Teachers must rally to protect education
To the Editor,
As a proud teacher, I would like to express my gratitude to the legislators of Robeson, Hoke, Cumberland, Scotland and Richmond counties and to Erick Guckian, education advisor to Gov. McCrory, for attending a town hall forum recently sponsored by District 5B of the North Carolina Association of Educators.
It was a small token of concern for those who have already tried to help make education better for the young people in Southeastern North Carolina. While I was pleased at the turnout from our elected and appointed state officials, I want to urge them to take our concerns back to the General Assembly, where real change can occur. I also want to urge our teachers, teacher assistants, and all others employed in the education of young people to rally the troops. If we are going to make positive change in North Carolina, we must start by campaigning for that needed change.
One legislator expressed it best when he said, get your family to come out with you. If each person employed in the Public Schools of Robeson County would call and have one family member to call to tell their stories about how cuts to public education have affected their daily lives and how they have hurt the children in our state, legislators not on the side of public education will be forced to listen.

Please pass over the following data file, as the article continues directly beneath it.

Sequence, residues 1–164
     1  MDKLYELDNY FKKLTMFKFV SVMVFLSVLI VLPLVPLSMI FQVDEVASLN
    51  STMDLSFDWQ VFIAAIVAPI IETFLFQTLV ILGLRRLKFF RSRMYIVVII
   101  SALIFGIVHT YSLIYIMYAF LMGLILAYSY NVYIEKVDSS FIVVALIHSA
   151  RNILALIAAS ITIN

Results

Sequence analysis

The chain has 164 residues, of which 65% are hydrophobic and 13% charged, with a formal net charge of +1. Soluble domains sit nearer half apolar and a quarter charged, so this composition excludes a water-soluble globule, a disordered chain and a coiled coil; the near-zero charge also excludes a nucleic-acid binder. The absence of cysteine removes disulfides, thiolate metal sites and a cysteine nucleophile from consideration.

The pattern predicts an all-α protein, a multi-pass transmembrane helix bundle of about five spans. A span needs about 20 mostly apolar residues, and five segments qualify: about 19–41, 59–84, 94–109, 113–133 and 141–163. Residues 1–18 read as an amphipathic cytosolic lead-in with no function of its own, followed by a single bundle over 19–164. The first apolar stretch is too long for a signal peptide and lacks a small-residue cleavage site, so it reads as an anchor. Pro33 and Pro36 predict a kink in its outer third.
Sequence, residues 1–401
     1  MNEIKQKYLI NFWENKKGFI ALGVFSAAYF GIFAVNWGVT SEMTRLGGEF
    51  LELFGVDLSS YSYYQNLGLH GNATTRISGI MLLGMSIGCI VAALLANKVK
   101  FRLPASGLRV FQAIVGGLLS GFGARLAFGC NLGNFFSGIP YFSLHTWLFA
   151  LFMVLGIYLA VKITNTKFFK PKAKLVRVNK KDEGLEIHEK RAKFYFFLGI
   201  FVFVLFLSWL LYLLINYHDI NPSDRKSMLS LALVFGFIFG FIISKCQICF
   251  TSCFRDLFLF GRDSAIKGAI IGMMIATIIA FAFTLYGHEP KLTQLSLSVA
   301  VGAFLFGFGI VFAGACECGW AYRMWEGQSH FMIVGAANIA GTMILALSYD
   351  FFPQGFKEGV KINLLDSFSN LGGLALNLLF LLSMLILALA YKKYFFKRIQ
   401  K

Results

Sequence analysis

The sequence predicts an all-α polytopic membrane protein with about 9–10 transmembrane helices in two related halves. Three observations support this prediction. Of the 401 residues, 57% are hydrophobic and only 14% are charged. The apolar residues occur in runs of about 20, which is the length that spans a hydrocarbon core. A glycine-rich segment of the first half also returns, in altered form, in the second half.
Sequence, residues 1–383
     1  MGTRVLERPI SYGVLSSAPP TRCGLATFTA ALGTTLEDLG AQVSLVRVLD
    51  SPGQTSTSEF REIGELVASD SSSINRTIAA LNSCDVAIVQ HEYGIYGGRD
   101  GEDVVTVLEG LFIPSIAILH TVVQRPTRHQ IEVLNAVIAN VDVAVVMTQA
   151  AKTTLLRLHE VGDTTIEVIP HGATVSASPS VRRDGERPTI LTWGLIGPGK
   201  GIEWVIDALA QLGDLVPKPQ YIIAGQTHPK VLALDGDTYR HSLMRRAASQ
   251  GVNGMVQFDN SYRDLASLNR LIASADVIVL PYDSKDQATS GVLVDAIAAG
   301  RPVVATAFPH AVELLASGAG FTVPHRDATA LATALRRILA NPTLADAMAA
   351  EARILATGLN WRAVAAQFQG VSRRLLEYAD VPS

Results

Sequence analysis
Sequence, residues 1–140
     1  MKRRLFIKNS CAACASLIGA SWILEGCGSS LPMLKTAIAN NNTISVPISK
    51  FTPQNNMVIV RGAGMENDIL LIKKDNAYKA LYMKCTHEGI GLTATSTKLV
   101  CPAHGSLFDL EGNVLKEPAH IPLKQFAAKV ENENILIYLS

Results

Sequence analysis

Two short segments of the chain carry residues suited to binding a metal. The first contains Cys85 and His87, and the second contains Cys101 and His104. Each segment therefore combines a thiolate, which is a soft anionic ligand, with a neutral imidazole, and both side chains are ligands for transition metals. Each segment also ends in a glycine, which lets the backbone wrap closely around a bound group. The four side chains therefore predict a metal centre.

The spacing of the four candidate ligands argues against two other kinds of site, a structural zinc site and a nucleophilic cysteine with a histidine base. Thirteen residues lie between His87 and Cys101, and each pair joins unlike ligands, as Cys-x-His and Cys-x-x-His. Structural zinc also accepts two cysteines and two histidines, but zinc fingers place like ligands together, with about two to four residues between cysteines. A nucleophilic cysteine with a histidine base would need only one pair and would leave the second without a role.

Hopefully, telling our stories with all due diligence will work, but if not, one thing will work — vote them out of office. Recently, we celebrated Constitution Day at my school — Fairmont Middle School — by discussing the rights and responsibilities of citizenship. Be a good citizen by peacefully assembling, by expressing your grievances with your legislators, and by voting to help public education.
Education is the cornerstone of American democracy. If we allow others to abuse it, certainly we will lose it. I urge the citizens of North Carolina to stand proud with educators to improve the plight of public education for us and our posterity.
Fairmont Middle School
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